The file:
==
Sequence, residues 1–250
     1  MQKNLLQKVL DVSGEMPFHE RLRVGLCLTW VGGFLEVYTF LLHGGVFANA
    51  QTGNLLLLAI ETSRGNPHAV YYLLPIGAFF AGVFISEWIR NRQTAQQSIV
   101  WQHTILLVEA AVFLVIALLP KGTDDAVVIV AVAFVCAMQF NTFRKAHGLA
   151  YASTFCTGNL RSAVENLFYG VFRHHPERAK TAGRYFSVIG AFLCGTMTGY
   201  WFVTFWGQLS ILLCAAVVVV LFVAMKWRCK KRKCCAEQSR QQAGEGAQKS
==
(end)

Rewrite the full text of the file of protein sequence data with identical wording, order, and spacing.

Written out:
Sequence, residues 1–250
     1  MQKNLLQKVL DVSGEMPFHE RLRVGLCLTW VGGFLEVYTF LLHGGVFANA
    51  QTGNLLLLAI ETSRGNPHAV YYLLPIGAFF AGVFISEWIR NRQTAQQSIV
   101  WQHTILLVEA AVFLVIALLP KGTDDAVVIV AVAFVCAMQF NTFRKAHGLA
   151  YASTFCTGNL RSAVENLFYG VFRHHPERAK TAGRYFSVIG AFLCGTMTGY
   201  WFVTFWGQLS ILLCAAVVVV LFVAMKWRCK KRKCCAEQSR QQAGEGAQKS